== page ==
Editor’s note: David Gilroy is managing director of Hyde Park Capital.
_______________________________________________________________________________________A July 18, 2005 Business Week article began with “Tech companies aren’t just rich these days — they’re filthy, stinking rich”.

This story went on to discuss how companies like Oracle, Microsoft, HP, Motorola, and others are expected to be actively on the prowl for logical acquisitions given their enormous amount of cash on-hand and the intense pressures for fast growth applied by public markets.

In my last article a few months ago, I reviewed several of the forces at work that led to a breakout year in mergers and acquisitions in 2004. How are we doing overall through the first half 2005? Are large companies really out hunting actively for innovative young companies to acquire?

The answer is that conditions are good, not great — or, at least, not great yet. The two fundamental metrics — the number of closed deals and total value are moving in opposite directions, somewhat ironically. Through the first half of 2005, there were 5,259 closed M&A transactions in the US compared to 5,779 in the same period last year (down 9%). And yet the total value was up 36% from $478 billion to $649 billion. We attribute this to two factors:

  • An ongoing stream of mega-deals or “bellwether” transactions (e.g. deals such as Sprint — Nextel, J&J — Guidant, BOA — MBNA), that bring overall dollar value up quite high

  • Fewer tiny, “fire-sale” transactions involving companies sold under conditions of distress or just for whatever residual value the market would bear. There were relatively more of these kinds of deals in 2004 coming out of the awful market conditions from 2001 through 2003 that caused many companies to cry “uncle”.
  • Focusing on the middle market, or transactions with values less than $500 million, we still see similar dynamics. While the number of deals was down 10% during this period, average valuation as measured by EBITDA multiple expanded from 8.5X to 11.7X.

    Other Exits

    Now let’s focus on tech, healthcare, and growth services and look specifically at VC-backed exits just in the last quarter (Q2 2005). Here are the highlights:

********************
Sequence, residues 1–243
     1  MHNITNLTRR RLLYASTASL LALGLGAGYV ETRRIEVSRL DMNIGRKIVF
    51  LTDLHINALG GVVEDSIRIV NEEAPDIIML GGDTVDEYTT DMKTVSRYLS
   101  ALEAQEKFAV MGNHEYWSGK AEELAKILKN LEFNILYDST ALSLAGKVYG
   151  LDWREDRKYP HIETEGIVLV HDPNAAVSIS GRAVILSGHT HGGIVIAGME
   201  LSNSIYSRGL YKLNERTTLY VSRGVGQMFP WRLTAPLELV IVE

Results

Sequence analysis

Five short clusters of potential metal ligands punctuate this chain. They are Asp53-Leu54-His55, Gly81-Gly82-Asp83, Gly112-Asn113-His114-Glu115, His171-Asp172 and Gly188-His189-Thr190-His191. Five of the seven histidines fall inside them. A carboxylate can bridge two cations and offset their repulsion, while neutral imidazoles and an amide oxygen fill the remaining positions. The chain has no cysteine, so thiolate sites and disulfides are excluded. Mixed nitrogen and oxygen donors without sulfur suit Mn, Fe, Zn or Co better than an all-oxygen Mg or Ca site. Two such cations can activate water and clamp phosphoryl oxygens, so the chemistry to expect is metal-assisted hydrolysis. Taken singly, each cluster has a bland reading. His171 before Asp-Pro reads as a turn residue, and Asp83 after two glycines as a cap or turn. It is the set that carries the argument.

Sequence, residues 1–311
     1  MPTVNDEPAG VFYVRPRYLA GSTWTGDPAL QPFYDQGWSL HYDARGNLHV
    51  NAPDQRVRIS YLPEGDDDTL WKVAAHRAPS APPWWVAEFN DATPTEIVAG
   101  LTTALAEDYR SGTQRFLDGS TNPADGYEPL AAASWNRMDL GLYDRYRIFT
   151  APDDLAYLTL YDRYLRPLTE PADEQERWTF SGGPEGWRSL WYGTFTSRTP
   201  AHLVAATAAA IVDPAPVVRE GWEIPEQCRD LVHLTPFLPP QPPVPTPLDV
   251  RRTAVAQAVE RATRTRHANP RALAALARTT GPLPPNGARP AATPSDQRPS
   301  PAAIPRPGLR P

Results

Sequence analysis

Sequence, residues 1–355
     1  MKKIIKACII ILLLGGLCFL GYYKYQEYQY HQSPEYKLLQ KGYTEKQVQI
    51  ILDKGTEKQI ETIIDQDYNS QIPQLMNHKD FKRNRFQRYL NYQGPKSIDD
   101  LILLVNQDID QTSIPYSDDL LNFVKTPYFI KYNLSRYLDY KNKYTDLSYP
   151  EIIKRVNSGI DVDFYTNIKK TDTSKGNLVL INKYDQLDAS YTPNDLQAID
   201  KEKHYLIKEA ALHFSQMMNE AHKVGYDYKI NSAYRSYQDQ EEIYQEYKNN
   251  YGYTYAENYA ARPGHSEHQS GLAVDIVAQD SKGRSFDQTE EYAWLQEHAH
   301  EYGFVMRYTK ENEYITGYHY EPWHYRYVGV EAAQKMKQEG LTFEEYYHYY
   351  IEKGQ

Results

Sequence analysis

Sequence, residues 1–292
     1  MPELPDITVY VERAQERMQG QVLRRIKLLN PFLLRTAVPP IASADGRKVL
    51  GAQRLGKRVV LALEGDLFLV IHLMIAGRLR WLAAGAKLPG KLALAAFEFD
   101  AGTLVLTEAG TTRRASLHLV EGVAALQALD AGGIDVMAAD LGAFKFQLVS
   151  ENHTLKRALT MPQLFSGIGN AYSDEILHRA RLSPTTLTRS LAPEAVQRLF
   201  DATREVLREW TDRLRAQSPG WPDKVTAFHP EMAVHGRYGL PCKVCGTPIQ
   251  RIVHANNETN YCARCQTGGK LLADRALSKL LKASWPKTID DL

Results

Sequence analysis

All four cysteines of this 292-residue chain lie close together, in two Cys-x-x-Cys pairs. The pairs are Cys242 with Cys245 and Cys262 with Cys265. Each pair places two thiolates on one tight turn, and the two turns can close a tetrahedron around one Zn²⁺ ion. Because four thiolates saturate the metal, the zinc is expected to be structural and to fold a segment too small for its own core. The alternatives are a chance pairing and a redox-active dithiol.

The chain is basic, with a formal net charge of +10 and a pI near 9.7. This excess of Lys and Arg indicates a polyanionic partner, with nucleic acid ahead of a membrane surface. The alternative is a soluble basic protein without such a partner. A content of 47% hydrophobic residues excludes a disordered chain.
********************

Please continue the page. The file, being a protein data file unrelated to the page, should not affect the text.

• The IPO market continues to flounder, as the number of IPOs declined significantly from a year ago – only five U.S. companies completed offerings, raising total of $232 million. That compares to 24 IPOs in Q2 2004 raising $1.35 billion. Q2 VC-backed IPOs were at the weakest level in two years. This is a function of cumbersome legal/regulatory requirements, the elevated cost to be a public company (some estimate this at up to $2 million per year), the lackluster prior performance of recent offerings, and the uncertain outlook in the IPO market

  • M&A continues to be the dominant channel to exit and liquidity for private investors. 77 venture-backed U.S. companies were acquired in Q2 2005. The total amount paid of $6.8 billion, a 14% increase from Q2 2004, although the number of M&A deals declined from the 100 that were completed the same quarter a year ago. For 1H 2005, total amount paid in M&A transactions was $14.0 billion in 165 deals, an increase from the $12.3 billion paid in 204 transactions in 1H 2004. Again, we see the higher value, but lower total # of transactions

  • On the very positive side, good companies are getting purchased for good value — again there are fewer and fewer “fire sales”. The median amount paid was the highest on record in Q2 in nearly 5 years ($70 million).

  • Health care and products/services companies were acquired at higher prices than technology companies. The median amount paid for a health care company in Q2 $172 million, and $171 million for products/services companies. Tech companies sold for median value of $38 million